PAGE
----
Imaging early brain development in autism

  • Autism Research
Speaker David Amaral, Ph.D.
University of California, Davis
Date & Time


Location

Gerald D. Fischbach Auditorium
160 5th Avenue
New York, NY 10010 United States

Autism Research

Autism Research lectures bring together scientists and scholars to discuss diverse and important topics related to autism.

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On 26 February, David Amaral presented evidence supporting the concept that there are different types of altered brain development among children with autism.

His talk is part of SFARI’s Autism: Emerging Concepts lecture series. You can watch a complete video recording of the event above.
 

About the Lecture

Autism clearly involves altered function of the central nervous system, but the neuropathology of the disorder remains controversial. This is due in part to the enormous complexity of the disorder, with many possible causes and biological trajectories. What’s more, few neuroimaging studies involve young children or severely affected individuals. This lack of information is compounded by the fact that findings from magnetic resonance imaging cannot be confirmed and extended to the cellular level because of a lack of postmortem brains.

About the Speaker

David Amaral joined the University of California, Davis, in 1995 as a professor in the department of psychiatry and behavioral sciences and the Center for Neuroscience. He is a staff scientist in the Brain, Mind and Behavior Unit at the California National Primate Research Center. Amaral was named the Beneto Foundation Chair and research director of the MIND Institute in 1998. He received a joint Ph.D. in psychology and neurobiology from the University of Rochester.

Amaral’s research focuses on the neurobiology of social behavior and the development and neuroanatomical organization and plasticity of the primate and human amygdala and hippocampus. Increasingly, his research has been dedicated to understanding the biological basis of autism. As research director of the MIND Institute, Amaral coordinates a comprehensive and multidisciplinary analysis of children with autism, called the Autism Phenome Project, which aims to define biomedical characteristics of different types of autism.

Most recently, Amaral became director of Autism BrainNet, a collaborative effort sponsored by the Simons Foundation Autism Research Initiative and Autism Speaks. The new project aims to solicit postmortem brain tissue to facilitate autism research.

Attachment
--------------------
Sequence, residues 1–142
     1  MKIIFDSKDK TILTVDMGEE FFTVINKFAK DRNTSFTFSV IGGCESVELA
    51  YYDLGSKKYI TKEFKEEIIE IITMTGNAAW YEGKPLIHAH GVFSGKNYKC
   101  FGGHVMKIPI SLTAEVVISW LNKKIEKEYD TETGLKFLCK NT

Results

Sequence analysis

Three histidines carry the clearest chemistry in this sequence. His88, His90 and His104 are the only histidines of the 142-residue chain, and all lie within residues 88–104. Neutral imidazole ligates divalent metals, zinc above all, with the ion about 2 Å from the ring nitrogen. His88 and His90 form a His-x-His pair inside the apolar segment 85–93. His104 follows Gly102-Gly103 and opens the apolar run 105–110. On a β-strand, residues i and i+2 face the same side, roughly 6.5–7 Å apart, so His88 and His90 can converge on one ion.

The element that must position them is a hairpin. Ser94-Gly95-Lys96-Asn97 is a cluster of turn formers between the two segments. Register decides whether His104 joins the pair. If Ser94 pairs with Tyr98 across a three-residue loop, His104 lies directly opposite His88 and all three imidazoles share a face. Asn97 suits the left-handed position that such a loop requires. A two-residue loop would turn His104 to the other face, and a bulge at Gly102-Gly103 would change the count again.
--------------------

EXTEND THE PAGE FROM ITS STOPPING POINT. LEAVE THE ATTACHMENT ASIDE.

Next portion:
Past Lectures

What do we mean by ‘autism risk genes’?

David Ledbetter, Ph.D.
Chief Clinical Officer, Dascena

Joseph Buxbaum, Ph.D.
Director, Seaver Autism Center
Professor, Psychiatry, Neuroscience, Genetics and Genomic Sciences
Vice Chair for Research and Vice Chair for Mentoring, Psychiatry, Icahn School of Medicine at Mount Sinai

Heather Mefford, M.D., Ph.D.
Full Member, St. Jude Children’s Research Hospital

David Ledbetter and Joseph Buxbaum discussed whether there are genes for which mutations confer risk specific to autism or whether these genes are really conferring general risk of disrupted brain development. The discussion was moderated by Heather Mefford.

Small molecules, genes and antisense oligonucleotides: Industry perspectives on treatment development for ASD

Federico Bolognani, M.D., Ph.D.
Vice President, Head of Clinical Science, Axial Therapeutics

Stuart Cobb, Ph.D.
Chief Scientific Officer, Neurogene; Research Fellow, University of Edinburgh

Yael Weiss, M.D., Ph.D.
Vice President, Business Development, Ultragenyx

Randy Carpenter, M.D.
Chief Medical Officer, Rett Syndrome Research Trust; Co-Founder, Allos Pharma

Federico Bolognani, Stuart Cobb, and Yael Weiss joined a panel to discuss new industry developments on the use of small molecules, gene therapy and antisense oligonucleotides as treatment approaches for autism spectrum disorders (ASD). The panel discussion was moderated by Randall Carpenter.

New research results from the Australian Autism Biobank study

Jake Gratten, Ph.D.Group Leader, Mater Research Institute, The University of Queensland
Adjunct Senior Research Fellow, Institute for Molecular Bioscience
Naomi Wray, Ph.D.National Health and Medical Research Council Leadership Fellow – Group Leader, Institute for Molecular Bioscience
Affiliate Professor, Queensland Brain Institute, The University of Queensland

Jake Gratten and Naomi Wray presented findings from the Australian Autism Biobank study, an initiative to establish an Australian resource of biospecimens, phenotypes and genomic data for autism research.

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